Chris Gobler, a marine biologist oceanographer and Stony Brook University...

Chris Gobler, a marine biologist oceanographer and Stony Brook University professor, holds baby clams at the school's Southampton marine station on Friday. Credit: Newsday / J. Conrad Williams Jr.

Long Island has a rich history of breeding oysters — but if changes aren't made now, some fear its future could be short.

The world's oceans are becoming more acidic, devastating the West Coast's oyster population, dissolving coral reefs in the South Pacific and harming other marine life.

To stave off such an ordeal here in New York, the state has set up an ocean acidification task force to study the impact of the "emerging threat" on the economy, ecology and recreational health of its coastal waters, a crucial issue to Long Island, where 9.7 percent of its GDP stems from the marine economy. 

"Any degree of threat to our marine resources is a threat to Long Island of sizable proportions," said task force member David Gugerty, head of Bayville's environmental conservation commission. "So many people depend on jobs in commercial fisheries, our marine recreation and tourism."

In acidification, the waters absorb more carbon dioxide as levels of the gas rise, primarily due to fossil fuels. The gas dissolves, forming carbonic acid, which reduces the waters' pH level. That then cuts down the supply of minerals needed to make shells, skeletons and coral, leading to thinner shells for marine creatures like oysters and brittle coral reefs. The problem also affects crabs, sea urchins and other food vital to populations in parts of the world.

According to the National Oceanic and Atmospheric Administration, oceans annually absorb about 25 percent of the carbon dioxide emitted by human activities, and ocean acidity has increased by about 30 percent since the beginning of the Industrial Revolution more than a century ago.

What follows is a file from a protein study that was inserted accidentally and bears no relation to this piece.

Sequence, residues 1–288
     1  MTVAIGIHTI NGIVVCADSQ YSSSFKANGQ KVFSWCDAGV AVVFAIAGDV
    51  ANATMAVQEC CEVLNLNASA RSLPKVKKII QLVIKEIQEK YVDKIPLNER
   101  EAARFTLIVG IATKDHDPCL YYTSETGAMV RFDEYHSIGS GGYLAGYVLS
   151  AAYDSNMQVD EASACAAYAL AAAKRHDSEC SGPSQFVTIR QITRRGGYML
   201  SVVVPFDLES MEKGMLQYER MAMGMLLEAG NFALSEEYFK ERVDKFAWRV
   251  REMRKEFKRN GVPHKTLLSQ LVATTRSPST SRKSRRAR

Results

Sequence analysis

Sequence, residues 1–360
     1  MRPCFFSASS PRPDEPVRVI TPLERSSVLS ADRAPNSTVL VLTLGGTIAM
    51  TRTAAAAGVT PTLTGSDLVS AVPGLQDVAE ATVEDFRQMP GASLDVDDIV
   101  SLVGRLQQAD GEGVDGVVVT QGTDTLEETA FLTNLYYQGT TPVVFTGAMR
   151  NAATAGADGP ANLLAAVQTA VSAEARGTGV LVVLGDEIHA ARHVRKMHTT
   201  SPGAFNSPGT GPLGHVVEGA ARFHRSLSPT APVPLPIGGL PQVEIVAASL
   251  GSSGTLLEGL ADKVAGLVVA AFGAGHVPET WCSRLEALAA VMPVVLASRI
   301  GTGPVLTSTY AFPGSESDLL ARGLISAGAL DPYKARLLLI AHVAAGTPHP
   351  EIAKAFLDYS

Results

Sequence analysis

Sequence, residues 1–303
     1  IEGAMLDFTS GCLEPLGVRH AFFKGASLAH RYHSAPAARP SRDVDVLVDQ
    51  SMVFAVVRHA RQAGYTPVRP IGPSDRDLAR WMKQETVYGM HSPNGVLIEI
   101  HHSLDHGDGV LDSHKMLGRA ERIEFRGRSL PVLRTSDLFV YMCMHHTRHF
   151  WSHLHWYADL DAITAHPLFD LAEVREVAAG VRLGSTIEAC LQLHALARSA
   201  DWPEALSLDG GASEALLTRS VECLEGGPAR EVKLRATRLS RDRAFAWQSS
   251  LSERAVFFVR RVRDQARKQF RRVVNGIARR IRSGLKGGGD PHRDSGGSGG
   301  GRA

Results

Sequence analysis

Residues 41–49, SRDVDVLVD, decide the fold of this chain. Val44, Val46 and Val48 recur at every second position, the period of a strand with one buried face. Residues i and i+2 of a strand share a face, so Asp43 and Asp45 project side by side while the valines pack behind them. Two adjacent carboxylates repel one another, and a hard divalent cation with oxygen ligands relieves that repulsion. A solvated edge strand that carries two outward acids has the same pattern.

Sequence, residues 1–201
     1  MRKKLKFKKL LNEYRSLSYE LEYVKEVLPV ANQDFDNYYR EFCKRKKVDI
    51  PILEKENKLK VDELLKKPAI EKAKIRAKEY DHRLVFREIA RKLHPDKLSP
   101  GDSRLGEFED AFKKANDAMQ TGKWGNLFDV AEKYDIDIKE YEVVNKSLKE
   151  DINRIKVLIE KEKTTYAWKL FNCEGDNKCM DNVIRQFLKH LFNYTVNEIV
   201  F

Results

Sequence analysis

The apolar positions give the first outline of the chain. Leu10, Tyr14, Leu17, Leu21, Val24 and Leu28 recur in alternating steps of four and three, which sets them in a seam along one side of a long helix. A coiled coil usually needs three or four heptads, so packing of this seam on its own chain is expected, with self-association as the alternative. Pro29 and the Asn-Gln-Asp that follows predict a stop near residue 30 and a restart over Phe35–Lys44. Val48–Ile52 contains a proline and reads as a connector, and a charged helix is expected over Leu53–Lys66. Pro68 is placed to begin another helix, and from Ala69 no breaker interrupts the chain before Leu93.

Concerned about this increase, state lawmakers, including Steve Englebright (D-Setauket), head of the Assembly's environmental conservation committee, helped turn the task force idea into law two years ago.

Led by Basil Seggos, the state environmental conservation commissioner, the group will convene this fall to identify local factors causing acidification, craft measures to monitor the early effects, recommend policies and educate the public.

So far, acidification has not plagued the Aero Cultured Oyster Co. on the Southold Bay, where owner Karen Rivara seeds up to 20 million oysters each year and sells them to other growers, who sell to restaurants.

But Rivara, seeing the impact acidification has had on the West Coast oyster population, wants more research: "If we don't become better stewards . . . that's going to have a profound effect on our food supply."

Oceanographer and Stony Brook University professor Chris Gobler, who has studied acidification for decades, has documented a decrease in the pH levels  of the Island's inland and coastal waters. His research shows that more acidic water results in smaller clams. The corrosive waters have also been found to kill baby shellfish, and while adults put in acidic waters appeared to be unaffected, their offspring were not as healthy.

In ocean waters, carbon dioxide from fossil fuels are absorbed, Gobler said, but "intense" acidification in inland waters stems from sewage discharges and fertilizers causing algae to bloom. When the algae decay, they release carbon dioxide. 

"When I first started studying ocean acidification, I thought of it as a 22nd-century problem," Gobler said. "What I now recognize is that it's a 2018 problem. The levels of acidification that we experience in New York coastal waters today is more intense than anything any coral reef will experience ever."

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